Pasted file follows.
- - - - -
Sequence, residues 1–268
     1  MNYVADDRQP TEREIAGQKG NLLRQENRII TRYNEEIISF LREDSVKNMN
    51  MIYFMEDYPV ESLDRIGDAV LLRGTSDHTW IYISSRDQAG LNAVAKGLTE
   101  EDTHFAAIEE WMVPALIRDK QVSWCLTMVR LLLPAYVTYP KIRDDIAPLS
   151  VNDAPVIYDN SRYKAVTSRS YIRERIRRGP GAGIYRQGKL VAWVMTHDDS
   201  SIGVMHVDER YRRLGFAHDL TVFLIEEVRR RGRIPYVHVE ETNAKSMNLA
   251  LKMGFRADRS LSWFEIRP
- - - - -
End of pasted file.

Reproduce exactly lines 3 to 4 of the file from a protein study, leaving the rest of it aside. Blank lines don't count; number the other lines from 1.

    51  MIYFMEDYPV ESLDRIGDAV LLRGTSDHTW IYISSRDQAG LNAVAKGLTE
   101  EDTHFAAIEE WMVPALIRDK QVSWCLTMVR LLLPAYVTYP KIRDDIAPLS